MK Party does U-turn on ANC coalition partnership talks

uMkhonto weSizwe party spokesperson Nhlamulo Ndhlela. Picture: Itumeleng English/ Independent Newspaper.

uMkhonto weSizwe party spokesperson Nhlamulo Ndhlela. Picture: Itumeleng English/ Independent Newspaper.

Published Jun 6, 2024


At the 11th hour, the MK Party (MKP) led by Jacob Zuma did a U-turn on its earlier stance not to participate in the coalition talks with the ANC due to the involvement of the DA.

This decision has resulted in the delay by the ANC to finalise its coalition partner following widespread criticism over its intention to partner with the DA in the government of national unity.

In a statement, released just after 9pm, the MKP confirmed that it has finally agreed to engage in talks with the governing party which after the national general elections had taken a blow with a paltry 40% share of the votes.

“The MK Party confirms engagements with the ANC have already taken place regarding the coalition discussions. The meeting is expected to take place soon, where the MK Party will hear the views presented with an open mind, while firmly prioritising the inspirations and aspirations of the South African majority and blacks in particular,” MKP spokesperson, Nhlamulo Ndhlela, said in a statement.

Earlier in the day, ANC secretary-general Fikile Mbalula revealed that it had approached the new kingmakers in the MKP with a view to finding common ground on the coalition talks.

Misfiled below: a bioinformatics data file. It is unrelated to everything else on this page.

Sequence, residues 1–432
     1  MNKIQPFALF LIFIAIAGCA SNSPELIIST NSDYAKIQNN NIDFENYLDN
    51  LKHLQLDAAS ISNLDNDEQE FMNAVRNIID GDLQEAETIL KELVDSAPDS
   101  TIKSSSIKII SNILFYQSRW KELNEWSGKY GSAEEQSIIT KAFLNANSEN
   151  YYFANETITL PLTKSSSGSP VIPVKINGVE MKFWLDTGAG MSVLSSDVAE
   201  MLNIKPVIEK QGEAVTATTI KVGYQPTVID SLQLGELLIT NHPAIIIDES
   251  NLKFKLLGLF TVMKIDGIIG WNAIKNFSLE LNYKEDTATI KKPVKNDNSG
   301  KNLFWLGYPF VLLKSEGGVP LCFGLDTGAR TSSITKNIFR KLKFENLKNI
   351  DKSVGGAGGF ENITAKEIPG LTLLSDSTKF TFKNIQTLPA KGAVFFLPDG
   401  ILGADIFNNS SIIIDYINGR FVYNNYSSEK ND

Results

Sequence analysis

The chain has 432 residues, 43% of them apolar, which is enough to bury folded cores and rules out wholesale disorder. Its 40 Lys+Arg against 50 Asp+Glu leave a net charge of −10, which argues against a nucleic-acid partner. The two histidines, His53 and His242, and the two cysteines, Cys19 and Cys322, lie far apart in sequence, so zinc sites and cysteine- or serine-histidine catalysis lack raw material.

However, Mbalula said these attempts had not yielded any fruitful results.

This comes after the MKP had said it will not engage with the ANC if President Cyril Ramaphosa remained at the helm. It is not clear yet if this agreement will mean the end of possible partnerships with the DA after some members of the ANC as well as members of the tripartite alliance cautioned the ANC from involving the DA in its possible partners.

The DA has publicly agreed to form a government of national unity with the ANC, EFF and IFP as possible partners.

Many political analysts and Dr Allan Boesak, politician and anti-apartheid activist, this week expressed grave concerns about complexities and challenges facing the ANC and the nation at large.

In an exclusive interview with Sunday Independent, Boesak noted that the current situation faced by the ruling party is indeed unprecedented. Unlike the carefully orchestrated transition of 1994, today’s political terrain is fraught with uncertainty and lacks the groundwork laid in the past.

“We’ve never been in a situation like this … So it is legitimate to ask how would it then work on a national level,” he said.

Meanwhile, ActionSA on Thursday announced its separation from the failed Multi-Party Charter which included the DA, ACDP, IFP and Freedom Front Plus launched last year in a bid to prevent an ANC-EFF coalition government.

Speaking during a media briefing on Thursday, ActionSA national chairperson Michael Beaumont indicated that the party would no longer continue being in a partnership with the DA which had reneged on the founding principles of the charter, which was to refuse any form of a partnership with the ANC.

Political analyst Jamie Mighti said the announcement was late but correct.

Mighti said it was late because the effect of the multiparty has already been detrimental to their prospect in this election.

“They ended up looking like cheap imitation of the DA and as a result people chose the DA over them. That is the reason why it is late,” said Mighti.

The Star